The points can be a little too direct and even heavy-handed at times, but woven into the grand mythological epic of the tale, this is quite easily forgiven. If a man can breathe life back into his murder victim before the two voyage to save the world, we can tolerate some political postulating whilst they do so (though I fully admit that as furious firebrand myself, I may overlook this more easily than others). However, potential heavy-handedness isn’t the only problem the novel faces. At times Inside a Silver Box is profound—causing me as reader to stop reading in order to contemplate a political or metaphysical point brought up by the narrative—but at other times the attempts at profundity collapse into pretentiousness. Reading the text, it frequently feels as though Mosley would have rather preferred to write a philosophical treatise than a novel.

This focus on ideas and ideals damages both the novel’s plot and the development of its characters. The personalities and backgrounds of the individuals involved serve as generalisations, in order to provide for social as philosophical sentiments: as I stated earlier, the two protagonists are polar opposites. This diametrical opposition of two social archetypes is interesting in terms of society and the human condition, but seem stilted and unnatural when serving as characters in a novel. The same goes for other characters Mosley introduces—the bookish “egghead” Alton and the kind schoolteacher Freya, both of whom are as two-dimensional as a cartoon. In fact, it seems that the only purpose of the non-primary characters is to act as props for Ronnie and Lorraine, human puppets which allow the two to act out their new mixed personalities (Lorraine as carefree and sexually uninhibited; Ronnie as newly caring and sensually focused).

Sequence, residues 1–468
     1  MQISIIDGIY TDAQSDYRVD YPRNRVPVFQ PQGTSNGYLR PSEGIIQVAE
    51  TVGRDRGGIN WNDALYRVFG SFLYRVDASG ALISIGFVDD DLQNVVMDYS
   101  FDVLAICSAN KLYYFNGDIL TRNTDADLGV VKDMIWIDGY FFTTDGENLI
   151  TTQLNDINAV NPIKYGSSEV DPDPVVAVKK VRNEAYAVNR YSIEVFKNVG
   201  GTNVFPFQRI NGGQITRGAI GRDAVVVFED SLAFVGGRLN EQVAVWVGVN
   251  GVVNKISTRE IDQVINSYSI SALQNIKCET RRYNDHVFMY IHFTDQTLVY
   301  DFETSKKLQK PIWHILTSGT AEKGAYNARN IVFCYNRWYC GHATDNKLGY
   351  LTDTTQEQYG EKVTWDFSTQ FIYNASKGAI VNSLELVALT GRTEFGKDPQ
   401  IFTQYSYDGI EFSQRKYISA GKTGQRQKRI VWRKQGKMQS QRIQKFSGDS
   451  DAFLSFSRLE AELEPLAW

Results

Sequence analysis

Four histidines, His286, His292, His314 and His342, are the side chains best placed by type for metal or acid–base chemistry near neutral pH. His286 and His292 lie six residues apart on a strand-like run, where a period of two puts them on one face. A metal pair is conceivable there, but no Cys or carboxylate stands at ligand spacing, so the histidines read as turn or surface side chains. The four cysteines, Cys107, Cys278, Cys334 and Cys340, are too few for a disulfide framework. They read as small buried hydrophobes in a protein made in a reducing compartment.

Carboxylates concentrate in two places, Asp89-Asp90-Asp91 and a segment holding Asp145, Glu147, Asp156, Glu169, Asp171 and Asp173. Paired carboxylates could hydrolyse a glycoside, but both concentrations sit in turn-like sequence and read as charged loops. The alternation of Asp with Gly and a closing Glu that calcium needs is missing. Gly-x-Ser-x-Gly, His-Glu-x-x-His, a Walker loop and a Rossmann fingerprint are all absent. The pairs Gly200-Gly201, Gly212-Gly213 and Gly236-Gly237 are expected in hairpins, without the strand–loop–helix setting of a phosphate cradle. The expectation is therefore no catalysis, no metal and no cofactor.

The flat characters wouldn’t be such an issue had the mythological tone continued—after all, no-one expects the figures of a fairy tale to be too complex. But the novel experiences a considerable (and inexplicable) shift in tone around mid-way through: whereas earlier the focus is on the grand and the mystical—the reader being coerced into the collision between the tale’s technological background and contemporary magic—the novel’s later stages are more mundane. Ronnie’s getting a job replaces his encounters with giant beasts, whereas Lorraine’s battles with magical insects are transposed into conflicts with her family. Their everyday pursuits wind up dwarfing the main storyline, and whilst this character-focused orientation is no bad thing in itself, it’s difficult to see its function in relation to the overall plot, especially as the characters themselves are so unrelatable. This is not helped by dialogue which is at times clunky and expositional: Alton compliments Lorraine by saying “You’re really deep.” (p.199), whereas Ronnie refers to himself as “… straight outta the hood.” (p. 212). Neither of these feel like realistic statements uttered by actual human beings, and they’re among many.

If I’ve sounded harsh these past couple paragraphs, it’s out of disappointment. Angry, frustrated, bewildered disappointment, a state Mosley wouldn’t have been able to drag me into had the earlier chapters not been so original and intriguing. Yes, there have been many modern fairy tales, but Mosley demonstrates an ability to combine this mythology with intriguing questions, providing the set-up for an extraordinary tale. Even whilst clouded by my apprehensions in the novel’s later stages, I never lost the urge to keep reading—though the story never returned to its initial promise.

Ultimately, Inside a Silver Box does manage to present interesting philosophical questions and perspectives, which when combined with its enchanted, fairy-tale elements proves both charming and captivating: had it kept the pace and tone of the early chapters it would have proven an exhilarating read. But the novel’s strong start flounders, the narrative focusing too heavily on the mundane minutiae of its characters, who, due to their two-dimensional nature, are too weak to carry the story by themselves. The tale never truly decides on realism or philosophical dramatism, and gets lost somewhere in the middle. It’s a novel I wanted to enjoy more than I actually did. Having said that, Mosley’s latest work is undeniably unique and original, and one which, in spite of its flaws, has stuck in my mind—leaving me trapped inside an imperfect silver box.